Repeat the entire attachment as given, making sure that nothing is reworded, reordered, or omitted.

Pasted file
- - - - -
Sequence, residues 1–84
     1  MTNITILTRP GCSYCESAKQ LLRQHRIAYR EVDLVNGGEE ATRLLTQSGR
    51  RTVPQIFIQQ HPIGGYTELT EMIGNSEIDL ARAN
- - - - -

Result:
Sequence, residues 1–84
     1  MTNITILTRP GCSYCESAKQ LLRQHRIAYR EVDLVNGGEE ATRLLTQSGR
    51  RTVPQIFIQQ HPIGGYTELT EMIGNSEIDL ARAN